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Common ground
of Buddhism and
Alcoholics Anonymous
By Erik Meier Carlsen

The world-famous British sociologist Anthony Giddens has in several works pointed to the
importance of a new kind of international self-organizing movements or groups who can have
real and important influence on human life besides political top-down-institutions.
One of his most used examples is Alcoholics Anonymous (AA). AA is an international mutual
aid fellowship founded in 1935 (two years after the end of Prohibition in December, 1933)
by Bill Wilson and Dr. Bob Smith in Akron, Ohio.
Giddens write in his book Sociology about what he calls self-enlightened groups:
Alcoholic Anonymous and social movements like the environmental movement are examples of social
groups that have directly sought to bring about practical reform with some degree of success.
He might as well have added religious movements including the international movement of
Tibetan Buddhism. And I have found a significant connection in attitude between Tibetan
Buddhism and AA.
The connection is found in the so-called serenity prayer, which is an essential part of the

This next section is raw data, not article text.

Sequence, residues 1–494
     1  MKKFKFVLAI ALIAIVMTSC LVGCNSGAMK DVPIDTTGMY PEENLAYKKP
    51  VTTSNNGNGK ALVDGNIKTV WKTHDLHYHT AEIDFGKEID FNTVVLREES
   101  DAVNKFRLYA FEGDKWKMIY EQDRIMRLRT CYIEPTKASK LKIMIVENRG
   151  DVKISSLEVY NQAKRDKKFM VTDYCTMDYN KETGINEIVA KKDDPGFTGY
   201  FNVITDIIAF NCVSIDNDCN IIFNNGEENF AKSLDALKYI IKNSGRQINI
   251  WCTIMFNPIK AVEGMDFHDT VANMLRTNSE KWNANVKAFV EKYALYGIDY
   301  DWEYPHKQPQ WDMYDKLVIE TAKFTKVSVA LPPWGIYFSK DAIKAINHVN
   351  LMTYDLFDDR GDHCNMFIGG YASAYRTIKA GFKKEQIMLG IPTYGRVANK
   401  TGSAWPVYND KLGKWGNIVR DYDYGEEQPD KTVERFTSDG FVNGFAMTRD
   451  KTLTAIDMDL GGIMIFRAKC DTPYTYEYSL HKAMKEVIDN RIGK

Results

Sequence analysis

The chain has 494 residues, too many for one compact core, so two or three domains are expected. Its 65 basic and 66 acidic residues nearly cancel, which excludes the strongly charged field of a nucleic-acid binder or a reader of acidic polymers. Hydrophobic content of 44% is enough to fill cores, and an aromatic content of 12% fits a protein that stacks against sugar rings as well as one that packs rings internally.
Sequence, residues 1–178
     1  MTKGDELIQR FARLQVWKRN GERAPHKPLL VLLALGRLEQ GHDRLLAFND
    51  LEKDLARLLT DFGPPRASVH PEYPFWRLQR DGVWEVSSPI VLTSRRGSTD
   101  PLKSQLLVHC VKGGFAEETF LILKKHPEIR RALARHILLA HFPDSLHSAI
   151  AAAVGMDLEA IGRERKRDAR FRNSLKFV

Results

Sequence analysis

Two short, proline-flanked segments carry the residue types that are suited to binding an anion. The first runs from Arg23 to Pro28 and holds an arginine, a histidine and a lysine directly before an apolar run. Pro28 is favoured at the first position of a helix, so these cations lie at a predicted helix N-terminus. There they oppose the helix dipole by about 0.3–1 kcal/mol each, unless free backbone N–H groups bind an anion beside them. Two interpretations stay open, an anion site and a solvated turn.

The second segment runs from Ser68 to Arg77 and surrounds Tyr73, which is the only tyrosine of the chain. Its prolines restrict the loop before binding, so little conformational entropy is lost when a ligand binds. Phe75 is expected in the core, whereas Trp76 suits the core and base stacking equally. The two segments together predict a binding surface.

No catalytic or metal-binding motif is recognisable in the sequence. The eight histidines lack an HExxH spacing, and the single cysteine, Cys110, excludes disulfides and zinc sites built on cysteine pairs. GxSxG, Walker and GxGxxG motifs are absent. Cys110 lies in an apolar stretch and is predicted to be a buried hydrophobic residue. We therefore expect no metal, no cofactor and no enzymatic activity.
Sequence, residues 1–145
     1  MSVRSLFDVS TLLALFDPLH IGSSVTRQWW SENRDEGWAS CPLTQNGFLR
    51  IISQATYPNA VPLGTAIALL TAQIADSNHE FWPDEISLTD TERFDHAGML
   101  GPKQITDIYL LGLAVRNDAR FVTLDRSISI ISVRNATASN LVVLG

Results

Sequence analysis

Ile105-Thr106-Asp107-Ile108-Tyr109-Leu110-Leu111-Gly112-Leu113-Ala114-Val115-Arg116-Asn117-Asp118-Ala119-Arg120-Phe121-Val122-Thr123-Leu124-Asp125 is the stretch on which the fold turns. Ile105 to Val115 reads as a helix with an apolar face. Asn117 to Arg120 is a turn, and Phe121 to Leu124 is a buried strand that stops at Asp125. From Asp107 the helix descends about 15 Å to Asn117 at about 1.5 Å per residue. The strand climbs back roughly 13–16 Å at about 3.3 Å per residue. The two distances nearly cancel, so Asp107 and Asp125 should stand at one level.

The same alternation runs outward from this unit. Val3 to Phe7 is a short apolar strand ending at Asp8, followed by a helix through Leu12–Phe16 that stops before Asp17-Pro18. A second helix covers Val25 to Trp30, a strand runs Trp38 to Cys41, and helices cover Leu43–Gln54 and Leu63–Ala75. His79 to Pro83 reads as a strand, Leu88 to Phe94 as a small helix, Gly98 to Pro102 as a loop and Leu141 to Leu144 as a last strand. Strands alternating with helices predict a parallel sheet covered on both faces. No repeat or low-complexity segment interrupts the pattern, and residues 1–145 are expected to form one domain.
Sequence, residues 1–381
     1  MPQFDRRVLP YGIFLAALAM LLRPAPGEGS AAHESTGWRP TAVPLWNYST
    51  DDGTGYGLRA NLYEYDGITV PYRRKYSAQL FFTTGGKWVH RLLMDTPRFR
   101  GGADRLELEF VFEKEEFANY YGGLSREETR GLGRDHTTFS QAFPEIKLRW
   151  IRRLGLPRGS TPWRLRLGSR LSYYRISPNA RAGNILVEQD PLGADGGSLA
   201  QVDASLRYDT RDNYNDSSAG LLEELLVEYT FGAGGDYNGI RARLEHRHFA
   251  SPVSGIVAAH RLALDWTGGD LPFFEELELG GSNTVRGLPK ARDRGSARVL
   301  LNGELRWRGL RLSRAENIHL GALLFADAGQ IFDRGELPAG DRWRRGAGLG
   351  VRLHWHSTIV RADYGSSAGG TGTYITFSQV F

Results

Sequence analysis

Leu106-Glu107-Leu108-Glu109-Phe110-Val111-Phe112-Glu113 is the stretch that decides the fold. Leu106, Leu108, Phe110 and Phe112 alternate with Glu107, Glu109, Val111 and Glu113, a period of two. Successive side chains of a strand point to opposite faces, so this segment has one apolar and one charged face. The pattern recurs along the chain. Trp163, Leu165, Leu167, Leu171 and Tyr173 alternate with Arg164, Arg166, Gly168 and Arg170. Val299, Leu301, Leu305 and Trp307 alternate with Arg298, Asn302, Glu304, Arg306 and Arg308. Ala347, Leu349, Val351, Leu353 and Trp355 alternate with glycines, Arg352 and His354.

rhetoric of the 12-step-methodology used in AA's treatment of alcoholism. It sounds:
GOD, grant me the serenity
to accept the things
I cannot change,
Courage to change the
things I can, and the
wisdom to know the difference.
The prayer seems to be written by American theologian and philosopher Reinhol d Niebuhr
(1892-1971) a controversial and travelling predicator with strong social-political attitudes.
I've always sought, that this prayer ask for an attitude, which I found so characteristic and
fundamental in Buddhism.
And some years ago I was struck, when I found a very similar advice in the famous
Bodhicaryavatara by 8th century Indian Buddhist master Shantideva of Nalanda Monastic
University. In Tibet it became maybe the most loved Buddhist texts of all, and in the 6th chapter
(on patience) and 10th verse it sounds:
(First the Tibetan version, followed by my Danish and Stephen Bachelors and Allan Wallaces
English versions.)

I det tilflde at det kan modvirkes,

Hvorfor vre ulykkelig af den grund?
I det tilflde, hvor det ikke kan modvirkes,
Hvad er nytten af at blive ulykkelig af den grund?
If there is a remedy, what is the use of frustration?
If there is no remedy, what is the use of frustration?
Why be unhappy about something
If it can be remedied
And what is the use to be unhappy about something
If it cannot be remedied
I believe this is the most healthy attitude towards life ever articulated. Some will say that it
misses love and compassion, but I believe love and compassion follow with this serenity and
patience, which eliminates anger and hatred..